I HAVE never belonged to a political party, but gladly accept that most of my leanings are to the right. Yet with the hest will in the world I cannot learn to love or particularly like Mrs Thatcher. I regard her as I used to regard iodine on an open wound: by God it will hurl, but in the end It will do you good and might even save your life.
And the sad fact is that what Britain needed after the calamitous governments of Heath and Callaghan was not a shot, but a barrel-full of iodine poured into the gaping body politic. The lady obliged, and here she is queening it over us still, the longest-serving Prime Minister this century. What, then, should we make of the celebrations for her ten-year rule?
We should applaud. Hers is a stupendous achievement, made all the greater by the fact that she had not only to revive a nation riddled with doubt and collectivism, but also tread through the minefields of antiwoman prejudice. What rankles with so many middle-class intellectual women is that it was the diehard party of "male chauvinism" and last-ditchery that smashed the political mould and set a provincial woman on the road to power.
W hat on earth happened to the
Shirley Williamses, the Jenny Lees and the Barbara Castles who hitched their stars to the parties of progressive thought? Many Tories were afronted and poor old Ted Heath is still ablubbing in his beer.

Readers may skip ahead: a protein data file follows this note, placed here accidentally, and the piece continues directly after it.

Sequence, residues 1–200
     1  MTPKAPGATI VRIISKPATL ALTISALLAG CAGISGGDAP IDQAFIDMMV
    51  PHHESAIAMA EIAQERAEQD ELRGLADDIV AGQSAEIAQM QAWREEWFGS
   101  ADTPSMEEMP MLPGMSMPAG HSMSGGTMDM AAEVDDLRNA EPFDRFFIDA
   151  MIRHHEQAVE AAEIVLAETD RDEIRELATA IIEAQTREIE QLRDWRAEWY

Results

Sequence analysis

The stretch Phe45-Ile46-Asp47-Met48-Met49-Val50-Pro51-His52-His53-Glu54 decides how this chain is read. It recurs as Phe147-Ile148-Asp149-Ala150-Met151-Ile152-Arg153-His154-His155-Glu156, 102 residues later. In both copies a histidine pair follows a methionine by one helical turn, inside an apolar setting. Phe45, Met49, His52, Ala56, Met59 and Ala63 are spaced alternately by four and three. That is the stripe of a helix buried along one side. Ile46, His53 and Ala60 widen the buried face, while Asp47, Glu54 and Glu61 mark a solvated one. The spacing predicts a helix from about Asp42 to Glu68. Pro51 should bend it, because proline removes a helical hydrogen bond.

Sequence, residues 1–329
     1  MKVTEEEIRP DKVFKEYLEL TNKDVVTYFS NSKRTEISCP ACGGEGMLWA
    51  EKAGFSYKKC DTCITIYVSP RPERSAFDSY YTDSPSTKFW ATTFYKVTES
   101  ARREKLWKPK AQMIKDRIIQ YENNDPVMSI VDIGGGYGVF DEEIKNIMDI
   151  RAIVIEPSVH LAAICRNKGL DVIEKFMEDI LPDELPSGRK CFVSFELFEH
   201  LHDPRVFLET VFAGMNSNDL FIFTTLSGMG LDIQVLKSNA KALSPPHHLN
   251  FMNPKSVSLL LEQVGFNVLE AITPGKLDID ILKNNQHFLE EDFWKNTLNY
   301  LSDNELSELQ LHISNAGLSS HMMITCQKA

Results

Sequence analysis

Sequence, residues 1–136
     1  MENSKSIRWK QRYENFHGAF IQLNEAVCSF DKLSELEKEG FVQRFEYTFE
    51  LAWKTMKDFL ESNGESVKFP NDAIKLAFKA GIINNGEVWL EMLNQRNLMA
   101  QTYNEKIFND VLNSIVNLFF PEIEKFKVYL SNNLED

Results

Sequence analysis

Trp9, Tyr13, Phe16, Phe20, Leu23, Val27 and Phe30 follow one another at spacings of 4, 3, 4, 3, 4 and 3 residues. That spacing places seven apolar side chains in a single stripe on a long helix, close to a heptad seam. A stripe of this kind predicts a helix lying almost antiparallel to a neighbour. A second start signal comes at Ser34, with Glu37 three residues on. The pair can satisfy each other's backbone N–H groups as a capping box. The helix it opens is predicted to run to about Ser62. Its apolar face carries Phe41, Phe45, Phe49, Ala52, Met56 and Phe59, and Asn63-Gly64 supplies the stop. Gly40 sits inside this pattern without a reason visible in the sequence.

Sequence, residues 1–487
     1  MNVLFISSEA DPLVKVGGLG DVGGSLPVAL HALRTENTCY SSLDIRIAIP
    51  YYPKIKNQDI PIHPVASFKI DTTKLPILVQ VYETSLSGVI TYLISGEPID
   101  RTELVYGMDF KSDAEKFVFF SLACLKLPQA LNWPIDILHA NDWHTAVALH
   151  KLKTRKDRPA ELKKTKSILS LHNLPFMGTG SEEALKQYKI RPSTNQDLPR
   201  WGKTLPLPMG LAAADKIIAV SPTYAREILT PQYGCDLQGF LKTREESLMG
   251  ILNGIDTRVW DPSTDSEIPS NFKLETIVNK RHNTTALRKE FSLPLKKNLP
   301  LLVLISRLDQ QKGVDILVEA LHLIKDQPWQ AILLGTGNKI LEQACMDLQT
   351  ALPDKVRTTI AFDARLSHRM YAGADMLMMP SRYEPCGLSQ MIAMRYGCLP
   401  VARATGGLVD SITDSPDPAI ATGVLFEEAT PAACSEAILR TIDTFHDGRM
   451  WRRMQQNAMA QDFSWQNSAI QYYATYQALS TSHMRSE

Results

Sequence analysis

Mrs Thatcher also had to ride the tide of pernicious English snobbery. Who on earth does this grocer's daughter think she is? She also. front the snob's point of view, had the ill grace to read a scientific subject at Oxford. Dead common, you see. More at home with Bunsen Burners than the works of the Brontes. Her old university snubbed her.
She has been derided by most of our alleged egg-heads as a natural philistine. Perhaps she is. but the onslaughts of these material and intellectual snobs have given her a large sympathy vole. She certainly gets mine.
Her greatest triumphs have been personal ones. She knocked Scargill and trade unionism generally almost into the twentieth century. She simpls knocked Galtieri out of the twentieth century when the male fainthearts were blanching at the prospects of blood. But above all she gave this country back its confidence not by shirking issues but by meeting them head-on. Thatcher is radical and antiestablishment. The Foreign Office, the City, the law and the doctors now know that they are not dealing with a political patsy.
Yet Thatcher has done something else which is rarely mentioned. She has reformed the Labour Party and the whole opposition. If there had been no Thatcher or Thatcherism, Neil Kinnock would still be in charge of a spineless rahhle that made up the mass of Foot's and Callaghan's army. Because of Thatcher, Kinnock now leads a better drilled, and disciplined force that can fight the next election largely with modern weapons. It could be quite a fight now that General Kinnock has realised that the crossbows of nationalisation and the like are a bit old hat for contemporary battle.